Key financial documents you'll need include:
- Pay stubs: Have your most recent pay stubs to provide proof of your current income, as lenders use this information to determine your ability to make payments.
- Tax returns: Get copies of your federal tax returns for the past two years, including all schedules and attachments, so lenders can evaluate your income history and stability.
- W-2s & 1099s: Collect your W-2s (for salaried employees) or 1099s (for self-employed individuals or contractors) from the past two years to further verify your income history.
- Bank statements: Prepare copies of your bank statements for the last three months, so lenders can assess your financial health, including your assets, available funds for a down payment, and ability to cover closing costs.
- Credit report: Lenders will pull your credit report independently, but you should also check your report for accuracy and address any discrepancies or issues.
- Additional documents: Lenders may also require proof of rental payments, divorce decrees, gift letters for down payment assistance, or other documents.
The point is to be prepared!
Organizing and assembling these documents in advance will expedite the mortgage application process and put you in a better position to compare mortgage loan estimates accurately. With a comprehensive understanding of your financial situation, you can better evaluate loan offers from various lenders and make informed decisions.
Do Your Research and Compare Multiple Lenders
A crucial aspect of finding the best mortgage loan is to compare estimates from various lenders, including banks, credit unions, and online providers. This will allow you to evaluate mortgage rates and terms, ultimately helping you find the most competitive offers.
To optimize your mortgage comparison process, follow these steps:
- Create a list of reputable lenders in your area and well-regarded online mortgage providers. Include a mix of national banks, local banks, credit unions, and non-bank lenders for a comprehensive comparison.
- Request loan estimates from each lender on your list. Provide your financial documentation and personal information, so the lender can give you a quote based on your specific circumstances.
- Review the loan estimates, comparing interest rates, annual percentage rates (APRs), points, fees, and other costs. Remember, the APR is a more accurate representation of the total cost of the loan, as it includes the interest rate and any other fees and charges.
- Compare loan terms, features, and special incentives or programs offered by each lender. Some lenders may offer discounts, credits, or reduced fees for certain borrowers, which could impact your total mortgage costs.
- Ask the lenders questions regarding any terms or conditions you don't understand. This will help you make a more informed decision when comparing loan estimates.
In addition to comparing lenders, conduct thorough research. To research while shopping for a mortgage, you can follow these steps:
- Gathering information on the current mortgage market and interest rates from mortgage comparison sites, the Federal Reserve, or a local bank.
- Look for lenders specializing in your specific needs, such as a low credit score or a particular type of mortgage.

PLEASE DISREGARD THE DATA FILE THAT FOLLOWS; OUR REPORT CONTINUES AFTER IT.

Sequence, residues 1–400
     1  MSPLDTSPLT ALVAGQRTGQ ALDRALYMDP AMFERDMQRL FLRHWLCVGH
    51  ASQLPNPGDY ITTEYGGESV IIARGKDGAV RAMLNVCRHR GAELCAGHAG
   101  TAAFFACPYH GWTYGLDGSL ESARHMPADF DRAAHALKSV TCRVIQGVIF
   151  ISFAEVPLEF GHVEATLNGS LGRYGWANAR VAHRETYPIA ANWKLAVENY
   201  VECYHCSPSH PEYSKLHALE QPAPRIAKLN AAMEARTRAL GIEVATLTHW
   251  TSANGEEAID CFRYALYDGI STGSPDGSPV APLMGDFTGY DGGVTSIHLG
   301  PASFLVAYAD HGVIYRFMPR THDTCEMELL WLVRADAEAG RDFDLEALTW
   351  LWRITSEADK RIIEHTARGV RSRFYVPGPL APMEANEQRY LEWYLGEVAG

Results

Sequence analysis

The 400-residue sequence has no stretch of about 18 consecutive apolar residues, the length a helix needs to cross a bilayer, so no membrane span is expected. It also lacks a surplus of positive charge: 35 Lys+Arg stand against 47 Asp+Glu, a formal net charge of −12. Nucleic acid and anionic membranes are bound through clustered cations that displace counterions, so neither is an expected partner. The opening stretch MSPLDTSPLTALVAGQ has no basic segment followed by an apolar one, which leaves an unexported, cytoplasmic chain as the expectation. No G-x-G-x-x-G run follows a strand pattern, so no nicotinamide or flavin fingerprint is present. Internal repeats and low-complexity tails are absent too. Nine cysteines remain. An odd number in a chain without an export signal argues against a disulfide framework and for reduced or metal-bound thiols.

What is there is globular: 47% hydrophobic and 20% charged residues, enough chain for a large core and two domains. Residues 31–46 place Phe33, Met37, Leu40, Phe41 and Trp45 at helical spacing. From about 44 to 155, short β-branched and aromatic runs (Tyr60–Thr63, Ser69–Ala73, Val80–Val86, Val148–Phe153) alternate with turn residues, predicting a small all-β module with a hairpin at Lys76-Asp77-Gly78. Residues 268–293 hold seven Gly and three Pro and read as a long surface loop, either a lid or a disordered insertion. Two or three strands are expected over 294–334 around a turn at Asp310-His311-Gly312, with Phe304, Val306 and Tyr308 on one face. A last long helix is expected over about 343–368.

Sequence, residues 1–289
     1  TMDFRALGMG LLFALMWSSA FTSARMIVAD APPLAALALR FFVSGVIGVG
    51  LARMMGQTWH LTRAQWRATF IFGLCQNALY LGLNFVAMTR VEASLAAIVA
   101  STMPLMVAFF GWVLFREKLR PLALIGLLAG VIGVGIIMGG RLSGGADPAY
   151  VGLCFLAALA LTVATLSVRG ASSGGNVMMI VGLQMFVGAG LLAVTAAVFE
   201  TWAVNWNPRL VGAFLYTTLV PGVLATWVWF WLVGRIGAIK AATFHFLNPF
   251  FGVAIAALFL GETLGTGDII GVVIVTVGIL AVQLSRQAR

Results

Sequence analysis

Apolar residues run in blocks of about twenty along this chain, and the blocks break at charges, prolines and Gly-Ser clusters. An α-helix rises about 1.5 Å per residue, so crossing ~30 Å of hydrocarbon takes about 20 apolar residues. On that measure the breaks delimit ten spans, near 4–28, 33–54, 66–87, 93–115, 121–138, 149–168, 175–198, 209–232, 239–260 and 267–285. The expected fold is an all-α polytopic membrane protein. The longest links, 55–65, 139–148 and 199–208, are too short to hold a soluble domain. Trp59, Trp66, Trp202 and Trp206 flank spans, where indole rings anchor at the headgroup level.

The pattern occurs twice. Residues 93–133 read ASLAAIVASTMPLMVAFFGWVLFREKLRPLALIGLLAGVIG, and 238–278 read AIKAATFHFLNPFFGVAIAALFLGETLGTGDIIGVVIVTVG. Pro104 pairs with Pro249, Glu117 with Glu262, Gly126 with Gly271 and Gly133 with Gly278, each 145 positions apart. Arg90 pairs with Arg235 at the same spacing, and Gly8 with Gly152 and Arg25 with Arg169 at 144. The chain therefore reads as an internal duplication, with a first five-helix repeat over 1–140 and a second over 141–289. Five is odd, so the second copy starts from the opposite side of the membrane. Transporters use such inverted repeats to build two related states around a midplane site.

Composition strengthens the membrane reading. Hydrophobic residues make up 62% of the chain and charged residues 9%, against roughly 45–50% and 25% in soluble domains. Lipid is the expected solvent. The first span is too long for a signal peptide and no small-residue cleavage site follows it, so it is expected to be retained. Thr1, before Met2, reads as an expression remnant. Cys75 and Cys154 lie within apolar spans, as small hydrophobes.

- Read reviews from other borrowers who have taken out a mortgage from the lender you're considering to gauge their reputation, customer service, and overall experience.
- Reach out to friends or family members who have taken out a mortgage for valuable insights and personal recommendations.
- Check for hidden fees or charges associated with the mortgage, and ensure you understand all terms and conditions before signing.
Please note: You may be tempted to rush through the research step to get to the more fun process of house hunting: going to open houses, touring houses on the market, etc. It’s important to remember the time it takes many buyers, especially first-time buyers, to find a house that is worthy of an offer. In fact, so much time may pass between your initial research and when you want to make an offer, that interest rates may have changed quite a bit by the time you are ready to buy.
Home-buying research needs to be a somewhat repetitive process. Make sure you are reviewing the steps outlined above as many times as necessary to remain fresh in the market. Check interest rates daily, as these tend to ebb and flow and can increase or decrease depending on a variety of economic factors and trends.
Finally, if you find the market has changed enough that buying a house may no longer be possible for you, don’t get discouraged and don’t give up. Instead, keep checking, as you may find that optimal market conditions have returned, even after only a very short time.
By following all these steps, you can gain a strong understanding of the mortgage market, available lenders, and their offerings, empowering you to make an informed decision when shopping for a mortgage.
So, you've found the perfect mortgage for you, congratulations! But make sure you understand all the terms and conditions before signing. It's like reading the nutrition label on your favorite snack – you want to make sure there aren't any hidden ingredients that will ruin your day.
Remember: Rates can change until the rate is locked.
Also, don't be afraid to ask for help. Whether it's from a trusted friend or a financial advisor, getting a second opinion can be incredibly helpful. It's like having a shopping buddy – they can offer their own expertise and point out things you may have missed.
Shopping for a mortgage doesn't have to be a daunting task. With a bit of optimism, some helpful advice, and smart decision making, you'll be on your way to finding the perfect mortgage for you.